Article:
President Biden may have declared the coronavirus pandemic “over,” but from John Felton’s view as the Yellowstone County health officer in Billings, Mont., it’s not over, just different.

Now, more than ever, it is a plague of the elderly.

In October, Felton’s team logged six deaths due to the virus, many of them among vaccinated people. Their ages: 80s, 60s, 70s, 80s, 90s, 90s. They included Betty Witzel, 88, described by her family as a tomboy who carried snakes in her pocket as a child and grew up to be a teacher, mother of four, grandmother of nine and great-grandmother of five. And there was Nadine Alice Stark, 85, a ranch owner who planted sugar beets and corn.

Yellowstone County made the decision early in the crisis to recognize each death individually, and Felton said that is as important as ever to acknowledge the unrelenting toll on a still-vulnerable older generation, while most everyone else has moved on.

“I think about someone’s grandfather — the plays they wouldn’t watch, the games on the football field they wouldn’t see,” he said.

More than 300 people are still dying each day on average from covid-19, most of them 65 or older, according to data from the Centers for Disease Control and Prevention. While that’s much lower than the 2,000 daily toll at the peak of the delta wave, it is still roughly two to three times the rate at which people die of the flu — renewing debate about what is an “acceptable loss.”

November 27, 2022

This Day In History

Pope Urban II orders first Crusade


November 27, 2022

How to Talk to a Widow

People are kind; some are wonderful. For a time. Then they move on to the next widow.

That’s how it should be. But I realized I wasn’t prepared for this after the following email exchange. A friend wrote, “How are you?” I wrote back, “I’m better.” The friend replied, “Oh! I didn’t know you were sick.” Given that I had become a widow more than a year earlier, she had assumed that I had moved on and that I was feeling “better” after, perhaps, a cold, or the latest Covid. But I meant that I was feeling better about my widowhood. I guess I was supposed to have recovered from that. Apparently the correct amount of time is a year or so. Apparently I wasn’t doing the recovery thing right.

Given all the widows in society today — 11.4 million compared with about 3.4 million widowers — it’s surprising to me that people often struggle with how to talk to us, how to be with us. America has never been a more sensitive — or hypersensitive — place: There has never been as much discussion about mental health needs, especially of younger Americans. Although many of us are OK compared with other groups, we need people to be aware of us, and to be mindful that we’re not all alike and not all experiencing loss and grief in the same way. And I have a word to my fellow widows, too: Interacting with people takes effort and creativity on our part, as well.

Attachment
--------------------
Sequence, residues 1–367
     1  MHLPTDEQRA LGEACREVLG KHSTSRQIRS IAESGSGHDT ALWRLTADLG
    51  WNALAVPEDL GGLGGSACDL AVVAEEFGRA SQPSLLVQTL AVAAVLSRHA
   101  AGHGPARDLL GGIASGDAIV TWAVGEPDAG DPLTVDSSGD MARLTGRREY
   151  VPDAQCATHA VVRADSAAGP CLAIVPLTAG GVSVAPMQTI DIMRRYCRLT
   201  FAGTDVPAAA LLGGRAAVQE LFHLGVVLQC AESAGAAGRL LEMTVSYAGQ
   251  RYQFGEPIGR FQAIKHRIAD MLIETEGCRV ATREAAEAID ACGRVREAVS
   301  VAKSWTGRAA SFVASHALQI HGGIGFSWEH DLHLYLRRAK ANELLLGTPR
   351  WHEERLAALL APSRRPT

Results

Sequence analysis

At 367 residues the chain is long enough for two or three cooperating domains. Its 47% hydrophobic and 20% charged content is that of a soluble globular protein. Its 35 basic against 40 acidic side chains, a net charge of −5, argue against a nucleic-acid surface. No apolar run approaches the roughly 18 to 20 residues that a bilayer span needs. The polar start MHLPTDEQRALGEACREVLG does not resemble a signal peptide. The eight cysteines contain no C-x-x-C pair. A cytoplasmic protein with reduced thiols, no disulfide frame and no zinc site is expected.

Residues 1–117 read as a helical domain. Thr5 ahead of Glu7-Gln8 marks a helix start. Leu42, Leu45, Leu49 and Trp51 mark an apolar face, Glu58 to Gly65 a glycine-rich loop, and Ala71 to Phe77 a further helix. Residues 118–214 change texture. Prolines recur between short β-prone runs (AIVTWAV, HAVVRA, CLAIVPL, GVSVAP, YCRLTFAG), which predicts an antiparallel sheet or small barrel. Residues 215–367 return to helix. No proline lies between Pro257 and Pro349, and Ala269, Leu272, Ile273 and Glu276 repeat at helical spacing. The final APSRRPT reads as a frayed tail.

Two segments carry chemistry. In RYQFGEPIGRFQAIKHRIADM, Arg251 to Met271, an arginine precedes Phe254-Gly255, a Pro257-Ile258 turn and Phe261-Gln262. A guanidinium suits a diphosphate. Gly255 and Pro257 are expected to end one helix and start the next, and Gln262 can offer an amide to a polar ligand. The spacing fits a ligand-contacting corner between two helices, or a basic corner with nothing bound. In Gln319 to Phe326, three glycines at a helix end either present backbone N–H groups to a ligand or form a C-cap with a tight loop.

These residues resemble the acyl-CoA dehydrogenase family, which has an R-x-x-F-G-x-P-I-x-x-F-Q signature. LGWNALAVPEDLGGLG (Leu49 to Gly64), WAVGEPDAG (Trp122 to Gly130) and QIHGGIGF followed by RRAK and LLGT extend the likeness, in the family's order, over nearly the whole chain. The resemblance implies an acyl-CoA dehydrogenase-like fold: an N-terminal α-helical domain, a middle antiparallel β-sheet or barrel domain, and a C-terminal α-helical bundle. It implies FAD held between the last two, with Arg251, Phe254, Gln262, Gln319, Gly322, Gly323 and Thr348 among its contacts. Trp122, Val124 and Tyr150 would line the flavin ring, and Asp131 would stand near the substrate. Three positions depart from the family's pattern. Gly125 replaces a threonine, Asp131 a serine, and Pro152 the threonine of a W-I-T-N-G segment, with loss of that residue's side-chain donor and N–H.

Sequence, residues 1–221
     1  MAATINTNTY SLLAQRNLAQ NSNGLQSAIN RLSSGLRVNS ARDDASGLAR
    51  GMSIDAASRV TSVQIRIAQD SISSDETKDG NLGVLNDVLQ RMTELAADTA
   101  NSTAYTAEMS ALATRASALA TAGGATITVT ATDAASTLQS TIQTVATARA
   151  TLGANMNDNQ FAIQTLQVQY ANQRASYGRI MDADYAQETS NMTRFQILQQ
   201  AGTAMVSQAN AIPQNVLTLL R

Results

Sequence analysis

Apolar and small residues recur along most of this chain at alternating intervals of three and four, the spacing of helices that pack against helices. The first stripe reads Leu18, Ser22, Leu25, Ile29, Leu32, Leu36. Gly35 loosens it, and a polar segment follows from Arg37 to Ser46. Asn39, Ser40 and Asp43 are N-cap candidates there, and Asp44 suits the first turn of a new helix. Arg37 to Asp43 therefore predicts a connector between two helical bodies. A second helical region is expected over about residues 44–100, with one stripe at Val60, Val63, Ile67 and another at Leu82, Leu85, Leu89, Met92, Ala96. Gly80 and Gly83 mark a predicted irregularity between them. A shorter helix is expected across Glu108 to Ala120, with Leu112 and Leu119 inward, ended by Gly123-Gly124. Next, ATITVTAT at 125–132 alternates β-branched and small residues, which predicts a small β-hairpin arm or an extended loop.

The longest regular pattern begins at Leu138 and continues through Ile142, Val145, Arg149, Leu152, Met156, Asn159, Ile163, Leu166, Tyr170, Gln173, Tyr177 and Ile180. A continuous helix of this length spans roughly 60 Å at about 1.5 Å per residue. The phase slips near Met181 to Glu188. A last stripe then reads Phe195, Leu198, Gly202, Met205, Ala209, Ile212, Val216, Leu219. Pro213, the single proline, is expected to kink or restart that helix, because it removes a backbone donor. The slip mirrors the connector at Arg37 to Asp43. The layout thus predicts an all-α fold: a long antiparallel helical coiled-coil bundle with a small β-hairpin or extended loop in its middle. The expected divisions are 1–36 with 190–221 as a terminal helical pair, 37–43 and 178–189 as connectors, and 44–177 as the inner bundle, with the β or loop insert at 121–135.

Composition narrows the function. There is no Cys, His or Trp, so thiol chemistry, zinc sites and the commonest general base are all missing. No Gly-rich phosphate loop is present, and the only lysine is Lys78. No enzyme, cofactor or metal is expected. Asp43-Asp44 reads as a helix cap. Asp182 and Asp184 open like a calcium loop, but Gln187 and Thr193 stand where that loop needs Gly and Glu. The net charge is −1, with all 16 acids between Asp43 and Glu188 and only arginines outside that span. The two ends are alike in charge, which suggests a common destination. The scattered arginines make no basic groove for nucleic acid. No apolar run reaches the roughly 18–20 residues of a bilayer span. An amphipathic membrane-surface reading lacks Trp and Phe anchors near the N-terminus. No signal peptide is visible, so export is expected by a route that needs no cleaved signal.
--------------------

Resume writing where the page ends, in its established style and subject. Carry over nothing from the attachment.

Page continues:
First, a little more about us. Most of the women who are widowed each year are over 65 and they frequently outlive their husbands by many years. Widows are far more likely than married women to be poor. Widowed men are far more likely to remarry than widowed women (and often remarry younger women). Black Americans, male and female, become widowed at younger ages than whites. By ages 65 to 74, about 24 percent of Black Americans are widowed, compared to about 15 percent of whites.


November 27, 2022

As Gen X and Boomers Age, They Confront Living Alone

More older Americans are living by themselves than ever before. That shift presents issues on housing, health care and personal finance.

Jay Miles has lived his 52 years without marriage or children, which has suited his creative ambitions as a videographer in Connecticut and, he said, his mix of “independence and stubbornness.” But he worries about who will take care of him as he gets older.

Donna Selman, a 55-year old college professor in Illinois, is mostly grateful to be single, she said, because her mother and aunts never had the financial and emotional autonomy that she enjoys.

Mary Felder, 65, raised her children, now grown, in her rowhouse in Philadelphia. Her home has plenty of space for one person, but upkeep is expensive on the century-old house.

Ms. Felder, Mr. Miles and Ms. Selman are members of one of the country’s fastest-growing demographic groups: people 50 and older who live alone.